sentence on the charge for the class of
offense for which the defendant is being
sentenced, including that possible from
consecutive sentences, and of the mandatory
minimum sentence, if any, on the charge; and (7) Informing him that if he is not a citizen
of the United States of America, a plea of
guilty or no contest may result in
deportation, the exclusion from admission to
this country, or the denial of naturalization
under federal law.
N.C. Gen. Stat. § 15A-1022 (2003) (emphasis added). In the
instant case, the trial judge informed defendant of the correct
minimum sentence and fine; however, the court did not inform
defendant of the correct maximum sentence. The relevant colloquy
between the bench and defendant was as follows:
Q. Do you understand that you're
pleading guilty to the charge of
conspiracy to traffic in opiates,
which is a Class F felony with a
maximum punishment_well actually
the minimum is the maximum is it
Mr. Brown [prosecutor]: Yes sir.
Mr. Sumpter [defense counsel]:
We've discussed that and I've
informed Mr. McTaggart about that.
Q. Under normal circumstances a
Class F is 59 months, but because
of the charges you have a minimum
time of 70 months plus a $50,000
fine, which is in fact greater than
the normal minimum. Do you
A. Yes sir.
Q. In actuality the maximum and
the minimum, really, in one sense
of the word is 70 months plus a
$50,000 fine. Do you understand
A. Yes sir.
The parties concede the correct minimum sentence in this case is
seventy months plus a $50,000.00 fine and the correct maximumsentence is eighty-four months. Clearly, the trial court did not
inform defendant of the maximum possible sentence as required
by N.C. Gen. Stat. § 15A-1022.
Where the trial court fails to comply strictly with the
procedural requirements of § 15A-1022, defendant must show that
he was prejudiced as a result. State v. Hendricks
, 138 N.C. App.
668, 670, 531 S.E.2d 896, 898 (2000). [W]e must look to the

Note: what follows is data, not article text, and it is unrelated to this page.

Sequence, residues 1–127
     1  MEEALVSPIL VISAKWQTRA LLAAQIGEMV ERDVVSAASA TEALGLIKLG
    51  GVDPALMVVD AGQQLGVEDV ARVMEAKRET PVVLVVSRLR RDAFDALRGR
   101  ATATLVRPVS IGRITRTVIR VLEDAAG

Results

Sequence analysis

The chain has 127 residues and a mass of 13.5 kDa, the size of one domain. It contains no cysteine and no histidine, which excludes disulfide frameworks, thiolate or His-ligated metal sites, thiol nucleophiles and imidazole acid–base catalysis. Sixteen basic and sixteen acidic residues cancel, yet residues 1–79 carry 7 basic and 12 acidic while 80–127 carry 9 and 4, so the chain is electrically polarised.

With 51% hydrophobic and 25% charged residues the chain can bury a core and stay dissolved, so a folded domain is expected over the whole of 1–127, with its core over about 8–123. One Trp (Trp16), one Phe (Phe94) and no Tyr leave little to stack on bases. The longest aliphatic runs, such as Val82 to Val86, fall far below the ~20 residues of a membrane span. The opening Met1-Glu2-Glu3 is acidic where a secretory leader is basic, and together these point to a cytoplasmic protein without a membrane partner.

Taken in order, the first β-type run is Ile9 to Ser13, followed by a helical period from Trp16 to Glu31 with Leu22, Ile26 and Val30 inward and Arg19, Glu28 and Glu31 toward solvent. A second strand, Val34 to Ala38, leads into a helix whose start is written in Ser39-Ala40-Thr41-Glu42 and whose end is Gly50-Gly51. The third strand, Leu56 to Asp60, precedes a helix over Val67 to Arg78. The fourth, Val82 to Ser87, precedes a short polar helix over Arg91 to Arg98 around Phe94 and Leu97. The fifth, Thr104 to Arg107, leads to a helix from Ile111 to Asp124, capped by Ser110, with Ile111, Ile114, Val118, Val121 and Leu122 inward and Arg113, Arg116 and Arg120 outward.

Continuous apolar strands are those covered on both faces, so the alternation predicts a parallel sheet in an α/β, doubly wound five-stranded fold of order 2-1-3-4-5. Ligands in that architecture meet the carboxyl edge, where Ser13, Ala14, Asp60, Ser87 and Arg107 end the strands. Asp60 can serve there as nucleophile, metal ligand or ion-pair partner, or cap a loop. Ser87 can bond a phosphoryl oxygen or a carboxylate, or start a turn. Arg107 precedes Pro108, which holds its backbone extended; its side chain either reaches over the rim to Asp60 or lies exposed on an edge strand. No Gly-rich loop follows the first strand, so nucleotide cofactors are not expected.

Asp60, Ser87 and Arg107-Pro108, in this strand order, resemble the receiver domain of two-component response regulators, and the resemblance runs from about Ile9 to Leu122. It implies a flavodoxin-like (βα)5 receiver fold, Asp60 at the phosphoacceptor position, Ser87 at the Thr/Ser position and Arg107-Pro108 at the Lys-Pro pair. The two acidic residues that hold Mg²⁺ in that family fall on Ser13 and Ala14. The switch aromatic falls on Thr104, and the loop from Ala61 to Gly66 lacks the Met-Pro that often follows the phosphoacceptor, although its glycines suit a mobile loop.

totality of the circumstances and determine whether non-
compliance with the statute either affected defendant's decision
to plead or undermined the plea's validity. Id.
between the trial court and the defendant together with the
transcript of plea
are important in looking at the totality of
For a defendant's plea to be voluntary, the
defendant must understand the nature and the consequences of his
plea of guilty. If the defendant does not comprehend the
consequences of his plea, his plea is invalid. State v. Smith
352 N.C. 531, 551, 532 S.E.2d 773, 786 (2000), cert. denied
U.S. 949, 149 L. Ed. 2d 360 (2001) (explaining State v. Barts
321 N.C. 170, 176, 362 S.E.2d 235, 238 (1987)).
In the instant case we make several observations. We note
from the transcript of plea that the highest level of education
completed by defendant was tenth grade and that the State
stipulated that defendant provided substantial assistance to the
State. We also note that not only did the court fail to inform
defendant of the maximum sentence, but an incorrect maximum was
listed on the sentencing worksheet attached to the transcript ofplea. The maximum sentence listed on that worksheet is 59 mos
(sub. to stat. minimums). Neither defendant's counsel nor the
trial judge realized the error.
The trial court and defense
counsel incorrectly assessed the maximum sentence to which
defendant was exposed. There is no evidence in the instant case
that anyone accurately explained the maximum sentence to
defendant prior to entry of his plea. Because the maximum
sentence determines the projected prison release date, defendant
faced an additional fourteen months of imprisonment. The
increase in defendant's period of confinement calls into question
the voluntariness of his guilty plea.
Under the facts of this
case, the trial court's failure to inform defendant of the
consequences of his plea undermines the validity of defendant's
Accordingly, we vacate defendant's guilty plea and remand
this matter to the trial court for further proceedings in accord
with this opinion.
In light of our disposition, we do not reach the other
issues presented by defendant on appeal.
Vacated and remanded for a new trial.
Chief Judge MARTIN and Judge WYNN concur.
Report per Rule 30(e).